Second bishop with Joliet ties, Daniel Ryan, dies
The Herald-News [Joliet]
January 4, 2016
JOLIET – Less than a week after the funeral of one Diocese of Joliet bishop, a former diocese auxiliary bishop has died.
The Most Rev. Daniel Ryan died Thursday in Naperville at age 85, according to a news release from the Diocese of Springfield, where Ryan served as bishop for 15 years.
Ryan was ordained a priest for the Diocese of Joliet in 1956 and was assigned to be assistant pastor at St. Paul the Apostle Parish in Joliet and chancery notary, according to the Joliet diocese website. After studying canon law at the Pontifical Lateran University in Rome, he returned to the diocese and was named assistant chancellor. He was appointed diocesan chancellor in 1965, before becoming vicar general in 1977.
Ryan then served as pastor of St. Michael Parish in Wheaton starting in 1979, before he was named auxiliary bishop in 1981.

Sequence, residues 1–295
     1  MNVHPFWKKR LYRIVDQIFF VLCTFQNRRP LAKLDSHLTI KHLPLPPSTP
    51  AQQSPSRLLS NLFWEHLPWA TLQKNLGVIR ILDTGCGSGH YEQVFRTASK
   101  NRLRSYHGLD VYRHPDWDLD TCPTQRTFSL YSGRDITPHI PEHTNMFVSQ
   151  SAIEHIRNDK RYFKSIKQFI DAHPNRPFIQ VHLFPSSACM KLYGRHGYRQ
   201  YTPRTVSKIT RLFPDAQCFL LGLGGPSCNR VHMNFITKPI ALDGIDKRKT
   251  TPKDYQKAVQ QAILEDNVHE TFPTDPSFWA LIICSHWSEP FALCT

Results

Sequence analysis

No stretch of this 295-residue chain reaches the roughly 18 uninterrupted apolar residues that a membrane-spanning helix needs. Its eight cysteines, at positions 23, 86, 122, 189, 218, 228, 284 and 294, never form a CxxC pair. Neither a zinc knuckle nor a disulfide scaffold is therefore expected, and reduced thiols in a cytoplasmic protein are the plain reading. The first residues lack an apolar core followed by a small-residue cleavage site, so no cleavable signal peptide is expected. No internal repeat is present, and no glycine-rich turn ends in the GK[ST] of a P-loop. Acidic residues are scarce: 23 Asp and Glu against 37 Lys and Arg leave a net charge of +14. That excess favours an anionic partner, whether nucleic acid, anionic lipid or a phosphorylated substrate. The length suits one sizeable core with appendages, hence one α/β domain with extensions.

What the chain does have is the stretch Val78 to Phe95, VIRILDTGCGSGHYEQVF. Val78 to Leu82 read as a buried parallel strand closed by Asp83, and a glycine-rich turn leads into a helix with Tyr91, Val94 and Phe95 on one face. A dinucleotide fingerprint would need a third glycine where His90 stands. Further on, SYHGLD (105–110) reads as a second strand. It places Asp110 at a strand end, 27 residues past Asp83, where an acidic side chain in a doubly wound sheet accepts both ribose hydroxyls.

In 1983, he was named the seventh bishop of Springfield, a position he held until his resignation in 1999.
Ryan’s resignation was abrupt, according to The State Journal-Register, and an independent investigative report in 2006 stated Ryan fostered “a culture of secrecy” that discouraged priests from coming forward about sexual misconduct. The report also stated that Ryan engaged in sexual misconduct with adults, which he used his authority to conceal, according to The State Journal-Register. Some Masses Ryan celebrated were picketed, but he was never charged or prosecuted.
Ryan’s death follows that of former Joliet diocese Bishop Joseph Imesch, who died Dec. 22 and faced criticism in the early 2000s for his response to reports of sex abuse of minors by clergy in the diocese.
The Survivors Network of those Abused by Priests issued a news release after Ryan’s death.
“These two prelates [Ryan and Imesch], like nearly all of their U.S. colleagues, deserve little or no praise. They protected predators. They endangered innocent children. They kept crimes hidden from police,” the release stated.
Ryan attended the Passionist Preparatory Seminary in St. Louis.
He earned a bachelor’s degree in classical languages from St. Procopius College and completed his studies for priesthood at St. Procopius Seminary in Lisle.